Google Copies Your Hard Drive – Government Smiles in Anticipation

This just out and hot from EFF:

San Francisco – Google today announced a new “feature” of its Google Desktop software that greatly increases the risk to consumer privacy. If a consumer chooses to use it, the new “Search Across Computers” feature will store copies of the user’s Word documents, PDFs, spreadsheets and other text-based documents on Google’s own servers, to enable searching from any one of the user’s computers. EFF urges consumers not to use this feature, because it will make their personal data more vulnerable to subpoenas from the government and possibly private litigants, while providing a convenient one-stop-shop for hackers who’ve obtained a user’s Google password.

“Coming on the heels of serious consumer concern about government snooping into Google’s search logs, it’s shocking that Google expects its users to now trust it with the contents of their personal computers,” said EFF Staff Attorney Kevin Bankston. “Unless you configure Google Desktop very carefully, and few people will, Google will have copies of your tax returns, love letters, business records, financial and medical files, and whatever other text-based documents the Desktop software can index. The government could then demand these personal files with only a subpoena rather than the search warrant it would need to seize the same things from your home or business, and in many cases you wouldn’t even be notified in time to challenge it. Other litigants—your spouse, your business partners or rivals, whoever—could also try to cut out the middleman (you) and subpoena Google for your files.”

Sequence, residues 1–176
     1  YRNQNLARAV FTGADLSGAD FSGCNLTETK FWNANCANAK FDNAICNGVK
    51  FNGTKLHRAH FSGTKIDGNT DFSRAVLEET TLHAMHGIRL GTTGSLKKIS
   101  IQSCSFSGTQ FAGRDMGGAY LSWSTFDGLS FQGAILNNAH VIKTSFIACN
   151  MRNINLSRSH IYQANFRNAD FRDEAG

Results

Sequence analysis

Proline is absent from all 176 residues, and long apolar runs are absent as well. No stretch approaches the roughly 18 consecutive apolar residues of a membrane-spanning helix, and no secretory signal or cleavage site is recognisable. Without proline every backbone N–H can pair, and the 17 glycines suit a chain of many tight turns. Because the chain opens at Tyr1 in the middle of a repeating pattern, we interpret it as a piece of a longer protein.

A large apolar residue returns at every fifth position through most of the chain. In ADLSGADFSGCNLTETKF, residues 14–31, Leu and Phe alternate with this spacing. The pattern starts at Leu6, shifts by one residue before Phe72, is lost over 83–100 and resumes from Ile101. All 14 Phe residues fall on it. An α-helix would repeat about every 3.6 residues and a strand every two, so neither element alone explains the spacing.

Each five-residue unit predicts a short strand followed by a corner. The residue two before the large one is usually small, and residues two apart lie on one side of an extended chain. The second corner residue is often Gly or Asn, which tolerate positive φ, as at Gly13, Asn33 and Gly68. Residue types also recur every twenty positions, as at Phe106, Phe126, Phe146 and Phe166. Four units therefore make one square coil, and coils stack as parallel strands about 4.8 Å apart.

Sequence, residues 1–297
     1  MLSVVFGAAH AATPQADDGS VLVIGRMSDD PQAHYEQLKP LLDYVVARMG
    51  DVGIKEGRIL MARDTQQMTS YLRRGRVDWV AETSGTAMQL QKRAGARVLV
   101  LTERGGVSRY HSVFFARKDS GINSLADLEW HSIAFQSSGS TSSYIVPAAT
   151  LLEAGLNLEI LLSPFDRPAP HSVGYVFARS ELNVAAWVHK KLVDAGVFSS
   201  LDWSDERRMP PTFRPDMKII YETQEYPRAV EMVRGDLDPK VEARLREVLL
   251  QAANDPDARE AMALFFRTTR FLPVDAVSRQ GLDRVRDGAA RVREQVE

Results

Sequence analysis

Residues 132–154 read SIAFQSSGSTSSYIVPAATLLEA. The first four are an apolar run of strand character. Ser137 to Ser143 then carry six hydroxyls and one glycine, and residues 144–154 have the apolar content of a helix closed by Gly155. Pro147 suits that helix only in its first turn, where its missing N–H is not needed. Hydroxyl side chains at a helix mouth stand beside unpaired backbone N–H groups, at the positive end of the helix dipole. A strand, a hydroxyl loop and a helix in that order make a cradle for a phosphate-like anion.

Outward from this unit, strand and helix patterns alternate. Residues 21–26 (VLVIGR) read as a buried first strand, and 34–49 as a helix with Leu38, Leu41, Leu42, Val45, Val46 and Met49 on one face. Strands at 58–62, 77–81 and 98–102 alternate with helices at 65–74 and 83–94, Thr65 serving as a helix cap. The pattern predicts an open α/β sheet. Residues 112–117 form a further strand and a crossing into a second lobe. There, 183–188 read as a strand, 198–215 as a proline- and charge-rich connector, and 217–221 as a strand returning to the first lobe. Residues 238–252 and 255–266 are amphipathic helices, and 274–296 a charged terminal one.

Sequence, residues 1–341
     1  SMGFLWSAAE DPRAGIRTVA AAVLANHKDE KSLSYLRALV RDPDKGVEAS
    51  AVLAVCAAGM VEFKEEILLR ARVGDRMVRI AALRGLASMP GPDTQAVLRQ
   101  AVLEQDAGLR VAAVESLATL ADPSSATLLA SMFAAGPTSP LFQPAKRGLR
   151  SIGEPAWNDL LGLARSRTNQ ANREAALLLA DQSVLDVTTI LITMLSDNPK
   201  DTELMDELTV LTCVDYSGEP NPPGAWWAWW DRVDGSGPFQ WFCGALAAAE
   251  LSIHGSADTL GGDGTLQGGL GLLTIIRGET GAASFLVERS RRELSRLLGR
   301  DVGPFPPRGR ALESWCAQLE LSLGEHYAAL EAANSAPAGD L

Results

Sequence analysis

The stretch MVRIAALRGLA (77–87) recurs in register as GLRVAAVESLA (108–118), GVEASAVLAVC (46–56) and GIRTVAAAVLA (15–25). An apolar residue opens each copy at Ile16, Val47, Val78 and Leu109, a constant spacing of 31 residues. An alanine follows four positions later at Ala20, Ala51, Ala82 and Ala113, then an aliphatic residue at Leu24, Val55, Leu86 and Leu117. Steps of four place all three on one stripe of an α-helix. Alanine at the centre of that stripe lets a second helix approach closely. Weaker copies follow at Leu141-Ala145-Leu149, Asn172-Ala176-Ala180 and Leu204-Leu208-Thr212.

The privacy problem arises because the Electronic Communication Privacy Act of 1986, or ECPA, gives only limited privacy protection to emails and other files that are stored with online service providers—much less privacy than the legal protections for the same information when it’s on your computer at home. And even that lower level of legal protection could disappear if Google uses your data for marketing purposes. Google says it is not yet scanning the files it copies from your hard drive in order to serve targeted advertising, but it hasn’t ruled out the possibility, and Google’s current privacy policy appears to allow it.

“This Google product highlights a key privacy problem in the digital age,” said Cindy Cohn, EFF’s Legal Director. “Many Internet innovations involve storing personal files on a service provider’s computer, but under outdated laws, consumers who want to use these new technologies have to surrender their privacy rights. If Google wants consumers to trust it to store copies of personal computer files, emails, search histories and chat logs, and still ‘not be evil,’ it should stand with EFF and demand that Congress update the privacy laws to better reflect life in the wired world.”

  • rjf

    “Coming on the heels of serious consumer concern about government snooping into Google’s search logs…”

    Uh, as I recall, Google was the only major search company to rebuff the Govt’s request.

    That being said, US privacy laws definitely need strengthening, and Google should use it’s considerable influence to help do so.

  • sahirh

    When you think about it objectively, a large number of people use Gmail to store attachments and files that are equally sensitive. Those attachments are:
    1. Stored on Google’s servers
    2. Accessible to anyone who has your password.

    Given that this feature in Desktop Search can be disabled, I don’t see what the hue and cry is all about. Obviously you’ll have idiots who end up indexing something extremely confidential, but hey, natural selection works pretty well in the long run ;)

    The day they stop allowing you to disable the option AND force you to use desktop search on every single system on the planet, that’s when you have a case for calling it a world domination conspiracy.

  • Utena

    >> Given that this feature in Desktop Search can be disabled, I don’t see what the [huge] and cry is all about.

    The program really should be opt-in and not opt-out.

  • Juha-Matti Laurio

    Kaspersky Lab Analyst’s Diary has a clear advice at

    as well. Don’t turn this new feature on, says their entry.

  • Nicholas Hawley

    Geeezzz. Talk about Spyware. I’ve said it before, and I ‘ll say it again. Google apps don’t prevent spyware, they ARE spyware.

  • ananomous